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Liturgy Wars: A New Pope

With all the excitement of Pope Francis comes a bit of concern from traditionalists who believe his approach to the liturgy may be “liberal” in nature. The good news is that “Catholics debating liturgy” is not really news at all. It’s normal for us to be doing this. If we weren’t, I’d be shocked. I’m seeing respectful discourse, for the most part, and voices of reason across the spectrum.

The Anchoress does a good job explaining the situation.

Because it is true that a mass can be both simple and tremendous, it’s easy to feel like the rad-trad hand-wringing over form and fabric is excessive, and to an extent I do feel that way. Making a sartorial martyr out of Monsignor Guido Marini, the Master of Papal Ceremonies — who has not been dismissed and will be in charge of 14 Franciscan Friars during the Papal Installation — strikes me as something Marini could not like, himself.


All that said, I do understand the fear that is driving some of this reaction, and it’s not really about the vestments; it is a fear that having, in their view, managed an escape from the land of clown-and-puppet liturgies thanks to Summorum Pontificum, this new era of simplicity might find that refuge taken from them.


Absurdists liturgies have more or less disappeared, but even so, I don’t think that will happen.

I agree that the absurd will always be found somewhere. We are, after all, human beings. We mess up a lot. Worries over Pope Francis are misplaced, though, as Fr. Dwight Longenecker points out.

Pope Francis may well turn out to be more “low church” and folksy in his style. That doesn’t mean he is going to ban the Latin Mass. He may be more informal and personable in his celebration of Mass. That doesn’t mean he’s going to send his liturgical police to confiscate all the lacy cottas and birettas in the world. Just because he wears a chasuble with grapes and wheat on it doesn’t mean he’s going to make everybody sing Eagle’s Wings every Sunday.

Father Z makes an excellent point.

People who say that these things are not important, or are bad, or that they should be eliminated are just plain wrong. That is a naive, shallow, approach to who we are. Catholics are not “either/or” when it comes to the dynamic interplay of the humble and the lofty. We are “both/and”, in proper measure, time and place.

That is, indeed, the most important point of all. In Catholicism, “both/and” as opposed to “either/or” is applied frequently. Engage yourself in an apologetics debate with an adherent to Sola Scriptura and you’ll soon find that it is the Catholic “both/and” way of reading Scripture that often causes disagreements between Catholics and protestants, who apply the “either/or” principle in places they should not. An example of this would be our belief that Jesus Christ is really present in the Eucharist. Protestants will say that the Lord’s Supper is only a “memorial” and not the true presence of Jesus. We say that it is both/and, not either/or. It is both a memorial and His Real Presence. If one gets entrenched in “either/or” thinking about what God wills for us, one can become a protestant quickly. You may believe yourself to be “holding fast to the truth,” but protestants believe that about themselves, too, when they bind “either/or” thinking onto the Lord’s Supper and other teachings.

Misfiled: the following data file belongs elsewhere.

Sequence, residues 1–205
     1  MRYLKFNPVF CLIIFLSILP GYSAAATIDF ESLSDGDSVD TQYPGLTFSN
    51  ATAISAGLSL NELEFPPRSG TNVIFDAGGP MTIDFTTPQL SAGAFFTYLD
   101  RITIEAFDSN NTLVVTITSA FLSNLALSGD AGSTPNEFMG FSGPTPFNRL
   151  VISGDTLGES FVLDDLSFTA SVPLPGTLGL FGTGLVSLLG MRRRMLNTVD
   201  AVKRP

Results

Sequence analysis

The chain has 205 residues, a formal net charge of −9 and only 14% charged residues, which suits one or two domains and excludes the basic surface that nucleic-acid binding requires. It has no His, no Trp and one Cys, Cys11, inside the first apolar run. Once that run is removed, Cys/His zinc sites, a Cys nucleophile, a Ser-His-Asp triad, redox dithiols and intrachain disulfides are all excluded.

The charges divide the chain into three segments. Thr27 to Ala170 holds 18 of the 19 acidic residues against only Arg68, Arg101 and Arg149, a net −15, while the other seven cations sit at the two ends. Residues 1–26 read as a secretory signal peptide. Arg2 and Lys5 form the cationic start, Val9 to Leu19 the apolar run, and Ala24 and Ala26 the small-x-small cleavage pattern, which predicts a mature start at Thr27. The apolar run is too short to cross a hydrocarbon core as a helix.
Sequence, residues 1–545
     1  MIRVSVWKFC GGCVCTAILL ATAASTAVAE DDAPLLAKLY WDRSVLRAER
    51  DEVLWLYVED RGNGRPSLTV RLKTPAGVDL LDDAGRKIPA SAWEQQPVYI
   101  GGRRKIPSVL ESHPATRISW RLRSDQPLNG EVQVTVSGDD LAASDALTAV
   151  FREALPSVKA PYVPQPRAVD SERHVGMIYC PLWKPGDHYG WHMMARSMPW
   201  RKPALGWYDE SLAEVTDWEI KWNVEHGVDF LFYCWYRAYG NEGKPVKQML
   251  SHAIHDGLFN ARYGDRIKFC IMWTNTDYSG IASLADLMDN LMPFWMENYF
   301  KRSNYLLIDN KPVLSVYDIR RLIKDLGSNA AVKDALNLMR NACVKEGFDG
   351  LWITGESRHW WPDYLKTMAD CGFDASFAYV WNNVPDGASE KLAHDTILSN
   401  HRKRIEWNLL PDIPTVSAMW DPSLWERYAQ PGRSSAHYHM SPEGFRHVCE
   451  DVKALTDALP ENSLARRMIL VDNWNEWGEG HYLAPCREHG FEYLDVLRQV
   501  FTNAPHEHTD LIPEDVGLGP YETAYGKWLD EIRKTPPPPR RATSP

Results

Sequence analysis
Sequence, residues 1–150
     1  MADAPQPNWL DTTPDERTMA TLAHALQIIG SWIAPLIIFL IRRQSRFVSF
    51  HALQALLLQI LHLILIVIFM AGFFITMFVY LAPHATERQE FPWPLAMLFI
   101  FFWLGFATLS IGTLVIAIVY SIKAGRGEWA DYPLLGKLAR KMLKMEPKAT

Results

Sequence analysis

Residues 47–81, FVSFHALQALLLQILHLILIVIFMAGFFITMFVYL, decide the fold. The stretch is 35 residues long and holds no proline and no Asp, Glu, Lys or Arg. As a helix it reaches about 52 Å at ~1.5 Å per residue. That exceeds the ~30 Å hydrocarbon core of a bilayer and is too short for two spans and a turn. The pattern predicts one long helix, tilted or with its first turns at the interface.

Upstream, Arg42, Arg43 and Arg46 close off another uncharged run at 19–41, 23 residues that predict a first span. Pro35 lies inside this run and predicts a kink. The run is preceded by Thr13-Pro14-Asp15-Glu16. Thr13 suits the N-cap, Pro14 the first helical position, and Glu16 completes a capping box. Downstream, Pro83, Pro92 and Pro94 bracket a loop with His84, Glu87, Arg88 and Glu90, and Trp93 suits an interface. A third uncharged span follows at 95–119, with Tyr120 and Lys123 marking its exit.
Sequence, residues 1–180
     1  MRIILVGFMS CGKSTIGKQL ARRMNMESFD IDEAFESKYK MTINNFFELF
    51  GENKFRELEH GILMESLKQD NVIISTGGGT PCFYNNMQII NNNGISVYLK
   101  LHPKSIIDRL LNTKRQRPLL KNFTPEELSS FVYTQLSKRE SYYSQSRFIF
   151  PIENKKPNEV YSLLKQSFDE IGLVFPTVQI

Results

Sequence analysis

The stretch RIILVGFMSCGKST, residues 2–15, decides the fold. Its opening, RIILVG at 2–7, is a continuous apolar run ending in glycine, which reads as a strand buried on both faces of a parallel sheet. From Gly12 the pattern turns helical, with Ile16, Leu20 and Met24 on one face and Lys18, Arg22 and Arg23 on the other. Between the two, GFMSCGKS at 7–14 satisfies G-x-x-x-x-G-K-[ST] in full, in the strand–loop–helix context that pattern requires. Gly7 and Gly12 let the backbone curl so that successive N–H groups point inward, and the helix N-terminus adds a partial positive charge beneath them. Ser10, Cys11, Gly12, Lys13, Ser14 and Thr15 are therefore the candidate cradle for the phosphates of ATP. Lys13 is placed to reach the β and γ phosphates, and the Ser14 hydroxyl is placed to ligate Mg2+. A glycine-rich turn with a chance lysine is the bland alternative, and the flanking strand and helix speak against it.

Fr. Longenecker is right to say that this issue is generally a cultural one.

There are a couple of things to remember here. First of all, in the United States the liturgy wars are part of a bigger cultural divide within the American Catholic church. Liberal liturgy very often also means liberal theology. [...]

[...] In the developing world however, the more informal modes of worship are much more of a general cultural phenomenon. An informal style there doesn’t necessarily carry all the baggage it does here. Just because a priest, bishop or pope is a bit more informal in his style of celebrating doesn’t mean he is a theological liberal or will compromise the faith.

Exactly. As Cardinal Arinze has pointed out, dancing at a Mass in Africa and Asia is not the same as dancing at a Mass in Europe and North America. Know the difference.

Fr. Longenecker goes on to say:

Indeed, everything about Pope Francis indicates that he is not only completely orthodox in theology and moral teaching, but that he has suffered for being so.

If true, then we can imagine Pope Francis will have an approach to this topic that is in keeping with the understanding that Cardinal Arinze expressed about liturgical dance. In other words, he will be a truly Catholic pope.

One last note. Could such things change? The answer is that, technically, yes, these things can be changed, because they are matters of discipline, not doctrine. The Pope could bind everyone to the Latin Mass, as a matter of discipline, if he thought it best for everyone. Having said that, as a matter of doctrine, it does not have to change…and that is the point. It is the point that keeps us at peace with one another.

I’m sure I have said something wrong somewhere, especially since the topic of liturgy is one that I am not well-versed on. Please don’t freak out if I did. I mess up a lot. Thankfully, I am not a bishop. I am but a sheep, and am quite happy as such. Baa baa baa.

By the way, many thanks to The Anchoress for the link in her post on “liturgical balance.”

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